Here, hiking in Torres del Paine National Park will take you to icebergs and glaciers within the Andes.
So remote is the world's largest rainforest that there are estimated to be 400 tribes of natives, some of which have never encountered outsiders.
While we wouldn't suggest heading that deep into the jungle, exploring the area's waterfalls and rivers can be done with small, private tour companies like International Expeditions and Jacada Travel, which will show you some of the world's natural wonders safely.
Africa is so much more than wildlife safaris.
It is a continent that covers more than 20 percent of the Earth's landmass and features coastlines with beautiful beaches, mountains and plateaus, deserts and jungles, and everything in between.
One of the safest countries in Africa is Ghana, which is filled with castles and forts from its historic colonization years.
In 2019, the country welcomed visitors to "return" to the country for the 400th anniversary of the slave trade, but that return is still very much welcome in 2021 for people whose ancestry goes back to those generations who were ripped away from the continent. Use 2021 to uncover your roots.
Explore the Sahara Desert and learn about the nomadic Bedouin culture with a tour in Morocco.
Led by esteemed companies like Nat Geo Expeditions, these tours will have you hiking, riding camels and experiencing desert safaris in camps on a trip unlike any you've ever experienced.
If you have been there and done that in the Caribbean Islands, 2021 is the perfect time to visit this remote island found in the Indian Ocean.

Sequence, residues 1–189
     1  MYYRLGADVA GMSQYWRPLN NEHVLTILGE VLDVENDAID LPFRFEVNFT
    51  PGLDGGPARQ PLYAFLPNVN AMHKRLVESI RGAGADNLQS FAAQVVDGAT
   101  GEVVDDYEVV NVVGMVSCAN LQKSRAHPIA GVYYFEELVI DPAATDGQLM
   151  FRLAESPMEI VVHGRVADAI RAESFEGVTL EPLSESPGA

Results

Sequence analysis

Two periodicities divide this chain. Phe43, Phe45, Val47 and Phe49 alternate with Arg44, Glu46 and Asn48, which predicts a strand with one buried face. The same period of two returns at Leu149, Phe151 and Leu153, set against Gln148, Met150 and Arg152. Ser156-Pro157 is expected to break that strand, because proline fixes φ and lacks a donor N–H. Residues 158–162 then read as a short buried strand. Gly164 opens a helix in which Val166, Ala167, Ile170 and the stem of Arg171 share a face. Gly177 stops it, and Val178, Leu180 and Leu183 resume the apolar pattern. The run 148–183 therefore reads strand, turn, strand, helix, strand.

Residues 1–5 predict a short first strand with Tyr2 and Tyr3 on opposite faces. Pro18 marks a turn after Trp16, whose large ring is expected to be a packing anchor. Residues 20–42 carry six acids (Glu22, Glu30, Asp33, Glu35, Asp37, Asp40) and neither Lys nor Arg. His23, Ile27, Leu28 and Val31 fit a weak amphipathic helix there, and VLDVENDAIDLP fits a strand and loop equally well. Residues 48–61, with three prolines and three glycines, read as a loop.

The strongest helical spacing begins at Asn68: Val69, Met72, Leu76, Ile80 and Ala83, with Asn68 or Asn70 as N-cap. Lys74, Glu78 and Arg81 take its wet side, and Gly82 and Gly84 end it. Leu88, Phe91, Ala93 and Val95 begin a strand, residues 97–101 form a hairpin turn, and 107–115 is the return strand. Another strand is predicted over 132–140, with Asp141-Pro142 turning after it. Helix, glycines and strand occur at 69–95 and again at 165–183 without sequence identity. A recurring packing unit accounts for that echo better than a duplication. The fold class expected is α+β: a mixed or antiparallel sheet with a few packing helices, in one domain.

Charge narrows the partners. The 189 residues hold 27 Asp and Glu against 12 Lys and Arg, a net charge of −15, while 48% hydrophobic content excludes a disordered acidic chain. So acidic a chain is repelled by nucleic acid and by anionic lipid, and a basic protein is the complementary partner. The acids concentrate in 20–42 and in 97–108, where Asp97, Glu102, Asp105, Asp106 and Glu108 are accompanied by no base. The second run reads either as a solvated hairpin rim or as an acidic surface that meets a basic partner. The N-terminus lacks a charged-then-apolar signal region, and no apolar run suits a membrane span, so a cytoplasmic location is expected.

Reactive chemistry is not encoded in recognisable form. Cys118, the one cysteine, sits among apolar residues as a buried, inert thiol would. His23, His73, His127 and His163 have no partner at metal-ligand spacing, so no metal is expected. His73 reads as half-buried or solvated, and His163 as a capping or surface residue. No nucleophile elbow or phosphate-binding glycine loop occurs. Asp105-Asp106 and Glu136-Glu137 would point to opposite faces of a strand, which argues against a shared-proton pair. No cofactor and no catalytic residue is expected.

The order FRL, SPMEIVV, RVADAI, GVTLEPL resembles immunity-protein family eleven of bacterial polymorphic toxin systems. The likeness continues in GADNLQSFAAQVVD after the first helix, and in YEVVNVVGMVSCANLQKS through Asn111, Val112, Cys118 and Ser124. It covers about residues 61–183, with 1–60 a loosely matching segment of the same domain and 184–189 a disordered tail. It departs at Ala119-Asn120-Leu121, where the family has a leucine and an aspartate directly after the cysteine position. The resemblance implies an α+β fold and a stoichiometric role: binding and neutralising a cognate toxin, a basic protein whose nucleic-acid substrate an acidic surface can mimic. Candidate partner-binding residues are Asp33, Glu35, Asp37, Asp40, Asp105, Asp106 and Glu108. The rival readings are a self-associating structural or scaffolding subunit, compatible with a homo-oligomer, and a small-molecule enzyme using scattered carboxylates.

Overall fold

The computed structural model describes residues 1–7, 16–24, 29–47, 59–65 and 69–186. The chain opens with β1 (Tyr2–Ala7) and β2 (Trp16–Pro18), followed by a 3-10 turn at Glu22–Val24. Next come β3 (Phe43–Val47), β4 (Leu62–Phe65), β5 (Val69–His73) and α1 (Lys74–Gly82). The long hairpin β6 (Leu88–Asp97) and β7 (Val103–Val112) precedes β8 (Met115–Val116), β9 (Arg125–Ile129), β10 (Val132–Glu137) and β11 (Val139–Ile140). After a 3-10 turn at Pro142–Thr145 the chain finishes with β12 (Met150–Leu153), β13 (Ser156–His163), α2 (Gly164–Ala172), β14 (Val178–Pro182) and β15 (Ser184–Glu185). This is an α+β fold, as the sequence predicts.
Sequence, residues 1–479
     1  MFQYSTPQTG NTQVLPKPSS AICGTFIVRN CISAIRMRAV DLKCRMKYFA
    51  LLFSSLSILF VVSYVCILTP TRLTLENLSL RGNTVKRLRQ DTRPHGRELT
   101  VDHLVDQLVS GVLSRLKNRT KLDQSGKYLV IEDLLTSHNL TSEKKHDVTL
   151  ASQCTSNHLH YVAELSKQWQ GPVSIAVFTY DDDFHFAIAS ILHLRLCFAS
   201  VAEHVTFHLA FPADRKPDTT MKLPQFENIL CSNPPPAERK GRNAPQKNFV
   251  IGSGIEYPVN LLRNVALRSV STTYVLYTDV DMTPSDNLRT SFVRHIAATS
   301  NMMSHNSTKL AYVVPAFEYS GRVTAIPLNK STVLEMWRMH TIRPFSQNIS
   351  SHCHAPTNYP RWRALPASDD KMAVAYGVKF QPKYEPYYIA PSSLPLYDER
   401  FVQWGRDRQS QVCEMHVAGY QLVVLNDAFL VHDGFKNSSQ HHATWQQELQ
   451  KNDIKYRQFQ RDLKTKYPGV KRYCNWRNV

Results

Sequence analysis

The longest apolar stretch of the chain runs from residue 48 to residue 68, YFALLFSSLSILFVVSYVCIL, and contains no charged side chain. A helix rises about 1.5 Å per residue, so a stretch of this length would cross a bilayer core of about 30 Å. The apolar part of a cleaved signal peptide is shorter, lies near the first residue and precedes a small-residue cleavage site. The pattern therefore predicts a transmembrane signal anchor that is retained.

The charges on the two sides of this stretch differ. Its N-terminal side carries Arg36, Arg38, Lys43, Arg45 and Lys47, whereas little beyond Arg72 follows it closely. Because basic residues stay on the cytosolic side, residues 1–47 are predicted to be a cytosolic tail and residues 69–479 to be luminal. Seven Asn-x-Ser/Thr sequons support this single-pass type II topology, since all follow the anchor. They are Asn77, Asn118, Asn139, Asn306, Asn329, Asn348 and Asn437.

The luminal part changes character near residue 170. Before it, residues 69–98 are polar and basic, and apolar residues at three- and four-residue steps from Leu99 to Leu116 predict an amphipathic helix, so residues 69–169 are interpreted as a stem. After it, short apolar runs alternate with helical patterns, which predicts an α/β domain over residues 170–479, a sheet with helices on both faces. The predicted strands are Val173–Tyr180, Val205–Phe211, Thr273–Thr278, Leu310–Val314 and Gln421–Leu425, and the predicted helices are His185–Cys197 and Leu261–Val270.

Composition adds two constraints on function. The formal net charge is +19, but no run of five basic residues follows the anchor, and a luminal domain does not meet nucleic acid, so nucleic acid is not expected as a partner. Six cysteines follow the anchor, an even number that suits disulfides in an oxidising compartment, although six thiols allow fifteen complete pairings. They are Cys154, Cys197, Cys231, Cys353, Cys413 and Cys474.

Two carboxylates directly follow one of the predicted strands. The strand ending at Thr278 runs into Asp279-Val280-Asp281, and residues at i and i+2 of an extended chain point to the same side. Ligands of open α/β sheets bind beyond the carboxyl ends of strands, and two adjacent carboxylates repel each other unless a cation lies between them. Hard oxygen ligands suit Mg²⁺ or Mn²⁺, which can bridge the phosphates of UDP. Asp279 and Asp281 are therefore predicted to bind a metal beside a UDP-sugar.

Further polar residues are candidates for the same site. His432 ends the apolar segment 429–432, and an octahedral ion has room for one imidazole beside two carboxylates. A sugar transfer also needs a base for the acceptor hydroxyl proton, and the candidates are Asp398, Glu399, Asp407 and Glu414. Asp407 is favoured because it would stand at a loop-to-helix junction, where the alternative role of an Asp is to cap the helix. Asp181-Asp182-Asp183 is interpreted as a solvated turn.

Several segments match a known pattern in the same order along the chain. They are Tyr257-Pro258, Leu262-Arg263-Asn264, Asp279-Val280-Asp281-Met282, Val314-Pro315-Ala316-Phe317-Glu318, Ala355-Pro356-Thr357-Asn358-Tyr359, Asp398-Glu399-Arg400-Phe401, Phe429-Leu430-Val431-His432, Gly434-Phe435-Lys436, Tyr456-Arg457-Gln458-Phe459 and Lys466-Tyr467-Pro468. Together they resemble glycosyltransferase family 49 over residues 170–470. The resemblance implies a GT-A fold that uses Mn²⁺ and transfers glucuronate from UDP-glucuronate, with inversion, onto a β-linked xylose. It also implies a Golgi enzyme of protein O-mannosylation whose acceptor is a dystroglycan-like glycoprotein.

The pristine white beaches are lined with palm trees, and its interior rainforest is reminiscent of those in the Caribbean. But Mauritius is a Hindu nation with an Asian culture set on an African island — meaning it's completely unique.
Travel outlooks have long praised the thriving cities of Asia, the rice fields, the beaches and the jungles.
But now is the time to take a look at inner Asia, where more remote destinations offer spectacular vistas and warm, welcoming people.
You don't have to hike Mount Everest to take in the Himalayan Mountains of Nepal. Tour companies like G Adventures provide tours from the high roads to Tibet as well as hiking tours and wellness retreats.
From trekking to yoga, a vacation to Nepal is self-care for the body and soul.
One look at Mongolia, and you'll realize your luck at exploring a hidden country. From the Gobi Desert to Gorkhi-Terelj National Park and the monasteries and statues scattered across the country, you'll quickly discover it was worth the trek.
Prior to the pandemic, tourism was on a steep rise to Mongolia, growing to 529,000 visitors. Make your way there before the tourism boom returns.
If there ever was a time to plan a once-in-a-lifetime trip, the year after a pandemic would be it. Celebrate the freedom of travel again by going deep into India and visiting the home of the Taj Mahal.
Built in the 17th century, the mausoleum of marble was dedicated to Mumtaz Mahal and was a true labor of love.
Crowds will be contained for safety, providing visitors with a more peaceful experience.
Most of Europe closed its borders to American travelers in 2020, and when they reopen, expect travel to Europe to look quite different than in the past.